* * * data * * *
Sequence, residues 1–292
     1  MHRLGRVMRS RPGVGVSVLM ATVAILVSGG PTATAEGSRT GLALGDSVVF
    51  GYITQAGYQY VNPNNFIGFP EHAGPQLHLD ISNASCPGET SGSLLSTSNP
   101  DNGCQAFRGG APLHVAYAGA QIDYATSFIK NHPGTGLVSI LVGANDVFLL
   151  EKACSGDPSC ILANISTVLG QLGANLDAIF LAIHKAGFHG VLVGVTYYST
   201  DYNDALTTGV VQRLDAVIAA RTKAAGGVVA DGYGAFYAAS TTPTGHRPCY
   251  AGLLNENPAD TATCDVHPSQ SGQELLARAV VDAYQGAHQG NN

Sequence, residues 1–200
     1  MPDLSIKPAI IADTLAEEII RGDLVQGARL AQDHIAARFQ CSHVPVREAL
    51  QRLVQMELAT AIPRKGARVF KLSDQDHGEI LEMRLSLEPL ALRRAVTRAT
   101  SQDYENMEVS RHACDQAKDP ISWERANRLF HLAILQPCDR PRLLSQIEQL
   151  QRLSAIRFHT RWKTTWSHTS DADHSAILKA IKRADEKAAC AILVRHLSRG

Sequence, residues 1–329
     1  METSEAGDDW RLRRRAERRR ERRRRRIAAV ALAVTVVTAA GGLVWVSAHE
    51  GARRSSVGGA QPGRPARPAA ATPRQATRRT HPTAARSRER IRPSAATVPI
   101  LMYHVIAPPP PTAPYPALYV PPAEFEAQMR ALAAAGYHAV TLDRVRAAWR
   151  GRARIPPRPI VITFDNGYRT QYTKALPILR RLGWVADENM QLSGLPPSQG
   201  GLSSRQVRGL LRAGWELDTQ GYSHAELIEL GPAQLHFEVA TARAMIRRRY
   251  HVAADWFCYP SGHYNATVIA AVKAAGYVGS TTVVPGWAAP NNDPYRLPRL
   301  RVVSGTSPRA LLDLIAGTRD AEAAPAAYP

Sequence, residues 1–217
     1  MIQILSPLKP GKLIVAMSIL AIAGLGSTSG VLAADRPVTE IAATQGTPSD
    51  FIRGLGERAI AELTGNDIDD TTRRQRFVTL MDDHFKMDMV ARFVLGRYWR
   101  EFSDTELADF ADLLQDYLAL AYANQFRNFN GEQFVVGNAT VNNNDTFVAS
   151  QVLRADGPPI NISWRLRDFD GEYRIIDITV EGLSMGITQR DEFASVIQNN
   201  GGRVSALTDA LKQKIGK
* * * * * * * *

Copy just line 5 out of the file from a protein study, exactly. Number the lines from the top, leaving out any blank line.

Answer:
   151  EKACSGDPSC ILANISTVLG QLGANLDAIF LAIHKAGFHG VLVGVTYYST